After that exhausting run — for more reasons than one, Emily returns for dinner and some entertainment. You’d think tipsy Mrs. Dickinson stole the show with her intoxicated singing and dancing, but it’s Sue’s performance at the piano (dedicated to Emily) that’s really the main act.
Later, Sue admits that she is jealous “of a man stealing [Emily’s] heart” and asks her why Ben.
“I guess I can trust that when I speak a word, he hears it,” Emily answers dreamily. “He gets its meaning.” Sue eloquently labels it a “poet’s definition of love.” And like the good poet she is, Emily composes another poem about Ben called, “There’s a certain slant of light.” The two share a kiss on Christmas Day, but it’s interrupted when Ben lets out a nasty cough. He thinks it’s just the flu, but death’s carriage pulls up, so that’s concerning.
- Modern men should take notes from Ben on how to win a woman’s heart.
- That line Alcott throws out there about mentioning a soap company in Emily’s writing to see if they’d sponsor her has got to be a jab at influencers.
- I laughed out loud when Aunt Lavinia (Lavinia’s namesake) said she has widow’s euphoria because her late husband slash cousin died, and Jane retorts, “Is that what happens when you marry your cousins?”
- Lavinia’s montage of opening gifts is me every Christmas.
- Ben better not die.
- This show is the gift that keeps on giving.
Episode 9: “Faith Is a Fine Intervention”
Nothing like a Sunday morning sermon to kick start the week, especially when the message is all about death, accompanied by a flashback to all the moments Emily and Ben have ever spent together. Ben’s still alive (how dare this show scare me like that?), but still with that dreadful cough.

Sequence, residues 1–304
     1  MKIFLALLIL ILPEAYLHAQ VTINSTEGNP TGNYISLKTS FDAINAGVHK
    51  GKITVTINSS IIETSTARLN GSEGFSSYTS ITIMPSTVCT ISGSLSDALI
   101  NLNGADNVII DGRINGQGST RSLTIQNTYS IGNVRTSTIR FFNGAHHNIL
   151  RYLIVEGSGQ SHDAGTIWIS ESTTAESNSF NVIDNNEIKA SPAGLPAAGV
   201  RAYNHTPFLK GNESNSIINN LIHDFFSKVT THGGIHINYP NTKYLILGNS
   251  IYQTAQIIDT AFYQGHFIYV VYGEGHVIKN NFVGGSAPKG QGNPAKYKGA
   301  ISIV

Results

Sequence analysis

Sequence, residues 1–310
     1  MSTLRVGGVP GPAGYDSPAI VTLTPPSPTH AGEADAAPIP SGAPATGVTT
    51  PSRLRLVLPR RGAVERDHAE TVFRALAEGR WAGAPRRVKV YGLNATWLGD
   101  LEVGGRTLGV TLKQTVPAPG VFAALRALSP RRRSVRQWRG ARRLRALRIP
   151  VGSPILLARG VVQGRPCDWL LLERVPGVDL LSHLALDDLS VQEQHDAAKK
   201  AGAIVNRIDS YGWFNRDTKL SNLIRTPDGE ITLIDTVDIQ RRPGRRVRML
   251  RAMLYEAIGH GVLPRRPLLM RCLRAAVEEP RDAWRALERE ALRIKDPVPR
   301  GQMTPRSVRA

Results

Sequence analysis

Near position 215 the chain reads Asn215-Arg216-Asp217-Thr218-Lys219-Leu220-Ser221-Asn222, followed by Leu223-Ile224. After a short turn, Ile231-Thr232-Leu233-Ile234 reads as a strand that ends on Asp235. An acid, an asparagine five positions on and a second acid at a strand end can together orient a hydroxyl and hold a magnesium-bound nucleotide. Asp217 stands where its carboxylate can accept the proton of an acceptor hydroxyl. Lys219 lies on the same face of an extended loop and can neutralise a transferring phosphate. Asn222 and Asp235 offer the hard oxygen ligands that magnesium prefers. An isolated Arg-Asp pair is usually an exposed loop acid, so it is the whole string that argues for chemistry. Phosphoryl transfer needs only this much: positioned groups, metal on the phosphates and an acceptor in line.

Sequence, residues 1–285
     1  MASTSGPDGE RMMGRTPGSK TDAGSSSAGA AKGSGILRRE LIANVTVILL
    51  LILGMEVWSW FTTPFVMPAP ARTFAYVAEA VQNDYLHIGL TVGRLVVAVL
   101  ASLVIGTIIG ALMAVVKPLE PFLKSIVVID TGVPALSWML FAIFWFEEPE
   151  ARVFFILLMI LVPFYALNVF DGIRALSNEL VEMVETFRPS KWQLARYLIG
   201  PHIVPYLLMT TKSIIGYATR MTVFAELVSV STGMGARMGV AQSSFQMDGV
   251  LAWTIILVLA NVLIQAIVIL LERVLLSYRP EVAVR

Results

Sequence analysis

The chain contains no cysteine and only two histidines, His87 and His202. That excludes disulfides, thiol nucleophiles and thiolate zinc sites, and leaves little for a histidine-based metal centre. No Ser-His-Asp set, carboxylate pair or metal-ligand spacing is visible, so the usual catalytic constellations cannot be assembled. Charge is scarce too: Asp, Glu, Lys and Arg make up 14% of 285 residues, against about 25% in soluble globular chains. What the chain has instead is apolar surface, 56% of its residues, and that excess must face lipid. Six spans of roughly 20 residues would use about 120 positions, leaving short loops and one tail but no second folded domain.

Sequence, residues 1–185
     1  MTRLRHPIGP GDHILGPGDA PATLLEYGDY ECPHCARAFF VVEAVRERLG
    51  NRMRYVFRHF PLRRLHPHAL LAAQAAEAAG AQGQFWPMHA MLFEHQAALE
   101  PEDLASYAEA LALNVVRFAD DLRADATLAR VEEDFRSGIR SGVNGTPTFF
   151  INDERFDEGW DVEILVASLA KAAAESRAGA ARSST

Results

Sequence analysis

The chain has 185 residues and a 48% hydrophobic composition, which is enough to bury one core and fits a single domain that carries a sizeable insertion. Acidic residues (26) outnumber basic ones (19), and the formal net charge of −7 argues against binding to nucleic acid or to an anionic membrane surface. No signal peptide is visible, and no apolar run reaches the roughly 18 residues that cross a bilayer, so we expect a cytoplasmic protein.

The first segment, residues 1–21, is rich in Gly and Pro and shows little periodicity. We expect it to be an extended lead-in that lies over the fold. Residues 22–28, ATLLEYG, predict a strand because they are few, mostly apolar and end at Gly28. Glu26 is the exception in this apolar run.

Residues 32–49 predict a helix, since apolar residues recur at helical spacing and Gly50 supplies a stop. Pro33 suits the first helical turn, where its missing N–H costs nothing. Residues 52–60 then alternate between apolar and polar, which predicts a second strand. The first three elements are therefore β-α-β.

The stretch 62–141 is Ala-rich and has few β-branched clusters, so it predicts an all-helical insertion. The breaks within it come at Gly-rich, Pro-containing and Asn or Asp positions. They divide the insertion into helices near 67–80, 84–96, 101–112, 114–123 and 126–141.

When Ben shows up at the Dickinson doorstep later that wintry day, Emily insists that they stay inside by the fire instead of going out to see the eclipse. “The only fire I want to see is that ring of fire around the moon.” So this guy’s a poet himself, but he’ll be a dead one soon if he doesn’t take care.
Sue heads to the dressmaker to get fitted for her wedding. She finds that her “appetite” has caused some thickness around her middle. The dressmaker promises to leave some room around the waist in case her “appetite doesn’t subside.”
Here’s some food for thought in case your appetite for drama isn’t satiated: while Emily and Ben are reciting William Blake’s “The Garden of Love” to one another on their way to view the eclipse, they run into George Gould and his new lady.
Ben immediately picks up on the boy’s affections for Emily, and her lack thereof for him. “You kicked him out of the garden of love, huh?” he laughs. “I never said he could enter it in the first place.” Emily rejoinders.
“Sometimes I want to ask you to marry me. I mean, not to marry me, forever.”
“I would do that,” Emily says and then she proposes to him. “Till death do us part” is definitely around the corner.